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CFP: DISASTER: Response, Relief, Resistance (Biennial University of Michigan Graduate Symposium in the History of Art, 10 Oct 2020)

Disaster, understood broadly and in its many forms, elicits artistic production in response—often under the guise of catharsis, historical record, utopian/dystopian futures, or a mode of resistance. In the context of the United States, artistic response in the midst or wake of crisis is now recognized as crucial at a governmental level. In 2017 the U.S. Department of Arts and Culture produced a guide entitled ​“Art Became the Oxygen: An Artistic Response Guide” arguing that creative response to natural disasters and social emergencies is imperative in proposing the possibility of futures. Amelia Brown writes about contemporary “​emergency arts,​” or the combination of artistic practice, community development, and emergency management. Historic examples are geographically, culturally, and materially diverse; they range from Japan’s many Buddhist objects created in anticipation of a spiritual crisis in the mid-eleventh century to the work of Käthe Kollwitz, who graphically depicted scenes representing the horrors of modern warfare in World War I and its aftermath. These works, among others, remain moving and relevant to this day.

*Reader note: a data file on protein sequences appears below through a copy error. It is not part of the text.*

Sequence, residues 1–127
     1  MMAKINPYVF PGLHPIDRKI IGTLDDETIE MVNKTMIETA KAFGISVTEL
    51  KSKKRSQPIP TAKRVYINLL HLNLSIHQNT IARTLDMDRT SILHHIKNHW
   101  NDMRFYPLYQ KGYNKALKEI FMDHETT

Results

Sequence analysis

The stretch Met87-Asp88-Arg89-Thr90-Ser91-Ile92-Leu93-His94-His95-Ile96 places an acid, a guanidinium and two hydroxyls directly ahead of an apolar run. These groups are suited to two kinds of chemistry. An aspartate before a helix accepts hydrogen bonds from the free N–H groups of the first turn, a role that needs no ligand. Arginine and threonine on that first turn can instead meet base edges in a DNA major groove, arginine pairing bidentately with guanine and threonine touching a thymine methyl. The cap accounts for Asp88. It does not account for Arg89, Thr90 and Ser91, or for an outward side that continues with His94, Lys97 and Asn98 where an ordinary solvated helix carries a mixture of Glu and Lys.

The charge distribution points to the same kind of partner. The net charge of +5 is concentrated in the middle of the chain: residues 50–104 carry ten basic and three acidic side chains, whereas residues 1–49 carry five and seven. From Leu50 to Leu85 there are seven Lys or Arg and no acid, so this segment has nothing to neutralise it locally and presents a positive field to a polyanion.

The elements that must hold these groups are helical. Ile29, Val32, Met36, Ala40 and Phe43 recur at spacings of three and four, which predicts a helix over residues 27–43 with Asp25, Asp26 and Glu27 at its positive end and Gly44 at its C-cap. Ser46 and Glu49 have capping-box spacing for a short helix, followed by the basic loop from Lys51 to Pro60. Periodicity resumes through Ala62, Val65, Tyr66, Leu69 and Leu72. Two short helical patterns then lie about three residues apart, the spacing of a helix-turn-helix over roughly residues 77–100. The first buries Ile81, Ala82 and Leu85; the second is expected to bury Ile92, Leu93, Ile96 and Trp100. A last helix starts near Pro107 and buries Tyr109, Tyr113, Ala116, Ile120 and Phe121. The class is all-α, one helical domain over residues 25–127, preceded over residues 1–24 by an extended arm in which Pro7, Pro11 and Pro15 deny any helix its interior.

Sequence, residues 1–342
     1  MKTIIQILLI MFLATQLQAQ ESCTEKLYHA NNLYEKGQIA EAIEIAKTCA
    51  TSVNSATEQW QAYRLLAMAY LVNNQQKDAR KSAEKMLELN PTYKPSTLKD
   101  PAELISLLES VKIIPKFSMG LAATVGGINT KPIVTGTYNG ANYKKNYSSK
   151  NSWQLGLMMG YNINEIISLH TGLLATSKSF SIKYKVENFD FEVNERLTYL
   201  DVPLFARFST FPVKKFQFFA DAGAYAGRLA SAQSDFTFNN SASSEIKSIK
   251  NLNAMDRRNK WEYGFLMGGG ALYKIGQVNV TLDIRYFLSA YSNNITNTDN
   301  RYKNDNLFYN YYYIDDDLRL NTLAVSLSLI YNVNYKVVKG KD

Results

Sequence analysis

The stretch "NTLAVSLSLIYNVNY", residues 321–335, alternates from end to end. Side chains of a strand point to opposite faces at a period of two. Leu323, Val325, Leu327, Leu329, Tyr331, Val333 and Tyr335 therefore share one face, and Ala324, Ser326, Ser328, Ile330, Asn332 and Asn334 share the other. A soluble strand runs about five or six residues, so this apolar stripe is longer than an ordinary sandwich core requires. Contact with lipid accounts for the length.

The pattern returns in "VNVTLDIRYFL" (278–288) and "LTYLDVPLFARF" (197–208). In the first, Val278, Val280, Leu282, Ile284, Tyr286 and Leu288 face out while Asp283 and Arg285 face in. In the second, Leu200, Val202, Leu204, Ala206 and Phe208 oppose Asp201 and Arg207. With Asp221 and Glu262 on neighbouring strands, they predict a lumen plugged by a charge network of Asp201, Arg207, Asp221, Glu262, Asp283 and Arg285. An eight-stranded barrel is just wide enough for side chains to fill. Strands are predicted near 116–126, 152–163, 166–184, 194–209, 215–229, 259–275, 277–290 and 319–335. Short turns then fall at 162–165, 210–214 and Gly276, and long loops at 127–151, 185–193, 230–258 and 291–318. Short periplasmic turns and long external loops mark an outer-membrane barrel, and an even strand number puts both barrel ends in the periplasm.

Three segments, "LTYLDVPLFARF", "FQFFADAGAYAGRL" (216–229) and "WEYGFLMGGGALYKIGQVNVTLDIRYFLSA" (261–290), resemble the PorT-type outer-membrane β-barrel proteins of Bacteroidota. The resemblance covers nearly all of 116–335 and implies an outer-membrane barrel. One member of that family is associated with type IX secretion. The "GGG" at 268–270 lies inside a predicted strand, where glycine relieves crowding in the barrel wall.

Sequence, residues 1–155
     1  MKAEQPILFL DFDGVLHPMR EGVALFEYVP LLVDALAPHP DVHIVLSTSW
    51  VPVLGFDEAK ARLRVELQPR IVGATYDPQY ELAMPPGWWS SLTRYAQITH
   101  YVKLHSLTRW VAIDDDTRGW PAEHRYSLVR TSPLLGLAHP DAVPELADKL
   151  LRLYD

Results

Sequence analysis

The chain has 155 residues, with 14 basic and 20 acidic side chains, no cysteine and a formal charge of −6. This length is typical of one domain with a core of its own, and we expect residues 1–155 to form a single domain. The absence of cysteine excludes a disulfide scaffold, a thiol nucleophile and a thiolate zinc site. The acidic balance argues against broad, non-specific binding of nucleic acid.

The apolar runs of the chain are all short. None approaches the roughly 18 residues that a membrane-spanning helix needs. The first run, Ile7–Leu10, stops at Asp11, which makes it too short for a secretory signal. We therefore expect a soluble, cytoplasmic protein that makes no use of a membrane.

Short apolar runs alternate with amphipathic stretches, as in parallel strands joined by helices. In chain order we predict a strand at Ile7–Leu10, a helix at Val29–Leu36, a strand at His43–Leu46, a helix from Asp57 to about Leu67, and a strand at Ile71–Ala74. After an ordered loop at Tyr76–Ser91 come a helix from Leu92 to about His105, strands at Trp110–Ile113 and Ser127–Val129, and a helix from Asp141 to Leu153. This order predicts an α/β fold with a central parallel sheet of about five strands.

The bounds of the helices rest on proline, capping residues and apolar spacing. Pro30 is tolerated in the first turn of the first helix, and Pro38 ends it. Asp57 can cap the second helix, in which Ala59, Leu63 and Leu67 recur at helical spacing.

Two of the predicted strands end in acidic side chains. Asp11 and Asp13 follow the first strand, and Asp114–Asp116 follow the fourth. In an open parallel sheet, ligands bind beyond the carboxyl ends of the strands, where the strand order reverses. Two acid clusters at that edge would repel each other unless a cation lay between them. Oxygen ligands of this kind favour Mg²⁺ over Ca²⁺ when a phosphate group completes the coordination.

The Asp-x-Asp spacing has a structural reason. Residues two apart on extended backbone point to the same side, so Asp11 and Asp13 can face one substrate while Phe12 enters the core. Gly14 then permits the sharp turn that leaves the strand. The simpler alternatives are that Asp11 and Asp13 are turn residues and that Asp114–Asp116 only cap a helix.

This symposium seeks papers that deal with art in response to disaster and/or subsequent responses from a variety of global and period contexts. Topics include but are not limited to research on artistic response, relief, and/or resistance, such as:

– Apocalyptic visions or imaginings
– Ecological or natural disaster (weather events, climate change, epidemics)
– Man-made disaster (war, oppressive regimes/legislature, nuclear crisis)
– Migrations, diasporas, land dispossession, precarity
– Ongoing social disaster (racism, violence, displacement)
– Personal/interpersonal trauma and disasterApplicants should submit a paper title, an abstract of no more than 300 words, and a current CV as a single PDF to ​​.

The deadline for submissions is Saturday, March 15, 2020.

Selected speakers will be notified on Monday, March 30, 2020, and are expected to accept or decline the offer within one week of notification. Papers should be 20 minutes in length and will be followed by a question and answer session.

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